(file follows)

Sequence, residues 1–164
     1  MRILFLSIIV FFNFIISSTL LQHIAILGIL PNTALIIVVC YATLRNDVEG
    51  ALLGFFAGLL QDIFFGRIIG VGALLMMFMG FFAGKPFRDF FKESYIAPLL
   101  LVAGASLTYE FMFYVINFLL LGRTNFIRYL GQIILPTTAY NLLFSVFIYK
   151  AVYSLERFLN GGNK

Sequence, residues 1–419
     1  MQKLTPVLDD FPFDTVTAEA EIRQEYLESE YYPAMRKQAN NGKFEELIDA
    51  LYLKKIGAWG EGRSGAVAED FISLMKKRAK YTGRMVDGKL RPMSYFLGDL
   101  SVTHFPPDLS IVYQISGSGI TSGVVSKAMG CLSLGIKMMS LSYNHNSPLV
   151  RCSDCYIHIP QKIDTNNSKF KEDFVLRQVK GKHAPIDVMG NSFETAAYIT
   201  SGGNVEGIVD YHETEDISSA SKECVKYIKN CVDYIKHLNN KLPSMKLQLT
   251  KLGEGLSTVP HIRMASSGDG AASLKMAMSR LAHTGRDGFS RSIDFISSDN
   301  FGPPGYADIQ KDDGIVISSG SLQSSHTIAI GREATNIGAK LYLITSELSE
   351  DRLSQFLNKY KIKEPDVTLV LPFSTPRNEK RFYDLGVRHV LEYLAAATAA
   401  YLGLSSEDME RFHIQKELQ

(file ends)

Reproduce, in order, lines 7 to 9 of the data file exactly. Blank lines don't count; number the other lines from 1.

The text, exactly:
     1  MQKLTPVLDD FPFDTVTAEA EIRQEYLESE YYPAMRKQAN NGKFEELIDA
    51  LYLKKIGAWG EGRSGAVAED FISLMKKRAK YTGRMVDGKL RPMSYFLGDL
   101  SVTHFPPDLS IVYQISGSGI TSGVVSKAMG CLSLGIKMMS LSYNHNSPLV